Caitlin Alifirenka of Pennsylvania and Martin Ganda of Zimbabwe became best friends – and better people – through their exchange.
John Linnell and John Flansburgh have been making music together since they met at Lincoln-Sudbury Regional High School in Lincoln, Mass.
In 1982 they started playing together as They Might Be Giants.
“Writing the 15-second song is an easy way to break the mold, but not in the way you might think.”
In more then 30 years as an alternative rock duo, they’ve done everything from run “Dial-A-Song,” a phone line that fans could call up to hear songs on an answering machine, to create entire albums for children on numbers and science.
Linnell told Here & Now’s Robin Young that it’s a good way to break out of traditional verse-chorus-verse songwriting, without diverting too far from the norm.
“Writing the 15-second song is an easy way to break the mold, but not in the way you might think,” Linnell said. “There’s a chorus there, but that’s all you get.”
“Nanobots” also returns to another song type from They Might Be Giants’ past: the historical biography (see the “James K. Polk” video below).
Their latest subject is inventor Nicola Tesla. Flansburgh told Here & Now that the song changed as he learned more about Tesla’s life.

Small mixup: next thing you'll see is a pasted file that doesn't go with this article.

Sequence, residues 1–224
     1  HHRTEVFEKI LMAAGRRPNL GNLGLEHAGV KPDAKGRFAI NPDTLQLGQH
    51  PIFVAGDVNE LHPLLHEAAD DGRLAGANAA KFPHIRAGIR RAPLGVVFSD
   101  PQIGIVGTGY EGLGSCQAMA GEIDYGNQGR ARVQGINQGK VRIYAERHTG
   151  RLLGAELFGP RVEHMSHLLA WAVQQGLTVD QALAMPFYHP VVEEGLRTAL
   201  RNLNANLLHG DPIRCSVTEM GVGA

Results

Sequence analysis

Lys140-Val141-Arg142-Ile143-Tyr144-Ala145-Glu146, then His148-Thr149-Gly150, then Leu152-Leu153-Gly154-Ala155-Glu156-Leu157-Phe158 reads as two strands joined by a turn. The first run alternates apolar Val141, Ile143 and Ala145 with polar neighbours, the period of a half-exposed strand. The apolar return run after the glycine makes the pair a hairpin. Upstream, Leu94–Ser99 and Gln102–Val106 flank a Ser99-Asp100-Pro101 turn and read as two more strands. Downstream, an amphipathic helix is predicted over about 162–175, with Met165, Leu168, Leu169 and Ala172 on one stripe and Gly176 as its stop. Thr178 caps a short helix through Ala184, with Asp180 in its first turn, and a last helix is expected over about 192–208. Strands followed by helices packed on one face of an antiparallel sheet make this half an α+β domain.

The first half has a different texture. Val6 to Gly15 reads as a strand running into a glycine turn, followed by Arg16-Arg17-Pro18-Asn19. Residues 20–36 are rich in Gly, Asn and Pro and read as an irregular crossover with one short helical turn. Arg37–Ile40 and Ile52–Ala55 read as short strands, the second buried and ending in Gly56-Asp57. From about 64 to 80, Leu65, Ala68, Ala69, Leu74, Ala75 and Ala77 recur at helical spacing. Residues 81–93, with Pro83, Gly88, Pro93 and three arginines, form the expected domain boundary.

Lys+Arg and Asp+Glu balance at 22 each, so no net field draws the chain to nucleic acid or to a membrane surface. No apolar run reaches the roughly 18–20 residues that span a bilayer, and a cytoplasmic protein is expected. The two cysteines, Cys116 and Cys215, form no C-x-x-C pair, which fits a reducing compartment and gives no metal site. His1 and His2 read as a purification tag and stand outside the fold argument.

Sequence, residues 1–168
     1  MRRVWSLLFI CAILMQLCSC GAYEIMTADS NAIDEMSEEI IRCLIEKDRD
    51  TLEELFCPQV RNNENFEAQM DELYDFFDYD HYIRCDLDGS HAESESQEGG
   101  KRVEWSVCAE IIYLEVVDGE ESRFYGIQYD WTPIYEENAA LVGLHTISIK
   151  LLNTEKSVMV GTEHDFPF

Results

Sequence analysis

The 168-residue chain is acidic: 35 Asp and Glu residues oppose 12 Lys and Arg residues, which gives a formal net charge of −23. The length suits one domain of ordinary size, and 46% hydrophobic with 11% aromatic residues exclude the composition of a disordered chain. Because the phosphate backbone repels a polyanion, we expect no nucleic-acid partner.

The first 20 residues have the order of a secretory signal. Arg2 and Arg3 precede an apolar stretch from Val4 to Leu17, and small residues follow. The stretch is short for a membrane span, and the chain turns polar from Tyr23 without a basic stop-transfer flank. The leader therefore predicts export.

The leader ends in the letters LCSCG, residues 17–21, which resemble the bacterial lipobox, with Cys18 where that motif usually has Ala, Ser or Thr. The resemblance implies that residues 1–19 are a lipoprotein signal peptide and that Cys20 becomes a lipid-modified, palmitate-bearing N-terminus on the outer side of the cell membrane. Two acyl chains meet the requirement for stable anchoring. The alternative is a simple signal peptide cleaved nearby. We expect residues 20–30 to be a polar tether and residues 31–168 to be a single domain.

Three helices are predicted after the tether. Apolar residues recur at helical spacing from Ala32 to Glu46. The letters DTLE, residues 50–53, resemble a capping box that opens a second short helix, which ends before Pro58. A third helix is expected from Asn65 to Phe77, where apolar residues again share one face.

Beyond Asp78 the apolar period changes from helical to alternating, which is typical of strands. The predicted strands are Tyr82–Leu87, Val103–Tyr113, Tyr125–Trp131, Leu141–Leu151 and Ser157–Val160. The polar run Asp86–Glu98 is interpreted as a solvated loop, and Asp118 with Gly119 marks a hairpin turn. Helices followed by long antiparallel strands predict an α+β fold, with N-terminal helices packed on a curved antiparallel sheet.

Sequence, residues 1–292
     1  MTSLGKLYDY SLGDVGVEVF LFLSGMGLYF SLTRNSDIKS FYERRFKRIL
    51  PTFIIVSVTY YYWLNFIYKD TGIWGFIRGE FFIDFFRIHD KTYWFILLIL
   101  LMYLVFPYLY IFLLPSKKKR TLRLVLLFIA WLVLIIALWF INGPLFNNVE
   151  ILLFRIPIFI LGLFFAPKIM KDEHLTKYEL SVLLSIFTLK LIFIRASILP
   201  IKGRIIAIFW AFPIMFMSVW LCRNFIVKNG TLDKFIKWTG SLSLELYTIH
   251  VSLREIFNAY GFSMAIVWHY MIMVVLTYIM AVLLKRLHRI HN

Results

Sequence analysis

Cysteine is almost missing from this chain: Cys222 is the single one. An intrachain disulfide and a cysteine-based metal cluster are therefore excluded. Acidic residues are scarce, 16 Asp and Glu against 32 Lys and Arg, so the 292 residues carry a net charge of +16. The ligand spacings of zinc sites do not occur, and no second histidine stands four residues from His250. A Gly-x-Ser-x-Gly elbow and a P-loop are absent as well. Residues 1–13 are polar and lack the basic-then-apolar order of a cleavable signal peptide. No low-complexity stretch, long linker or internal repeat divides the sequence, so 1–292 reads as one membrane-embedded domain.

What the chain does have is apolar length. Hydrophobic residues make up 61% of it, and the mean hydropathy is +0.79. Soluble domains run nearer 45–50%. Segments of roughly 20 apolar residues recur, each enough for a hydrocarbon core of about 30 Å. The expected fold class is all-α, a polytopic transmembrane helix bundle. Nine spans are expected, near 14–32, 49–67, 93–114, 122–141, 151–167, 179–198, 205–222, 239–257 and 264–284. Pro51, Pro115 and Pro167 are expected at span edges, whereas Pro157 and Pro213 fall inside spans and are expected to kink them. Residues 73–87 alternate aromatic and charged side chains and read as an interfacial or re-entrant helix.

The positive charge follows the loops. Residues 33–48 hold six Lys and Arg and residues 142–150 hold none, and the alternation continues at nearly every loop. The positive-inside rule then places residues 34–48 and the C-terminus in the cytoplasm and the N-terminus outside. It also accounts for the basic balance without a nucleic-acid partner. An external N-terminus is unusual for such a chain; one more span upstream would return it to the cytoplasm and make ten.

“We started working on the song about five years ago, there was a fully rocking band version of it,” Flansburgh said. “But I really wasn’t satisfied with the way it was working, in part because I heard a really amazing Studio 360 piece about Tesla’s life, and then got a book about him … it seemed like he kind of was possibly mentally ill and yet functioning at a very high level of consciousness. It was a combination of having a giant brain and having a crazy brain.”
And that interested Flansburgh.
“Speaking as a mostly-sane, small-brained person, it seemed like very impressive and unusual story,” he said.
They Might Be Giants performing “James K. Polk”
The fan favorite and early hit “Istanbul (Not Constantinople)”
Peter O’Dowd follows the route of Abraham Lincoln's funeral train 150 years ago, to look at modern-day race relations and Lincoln's legacy.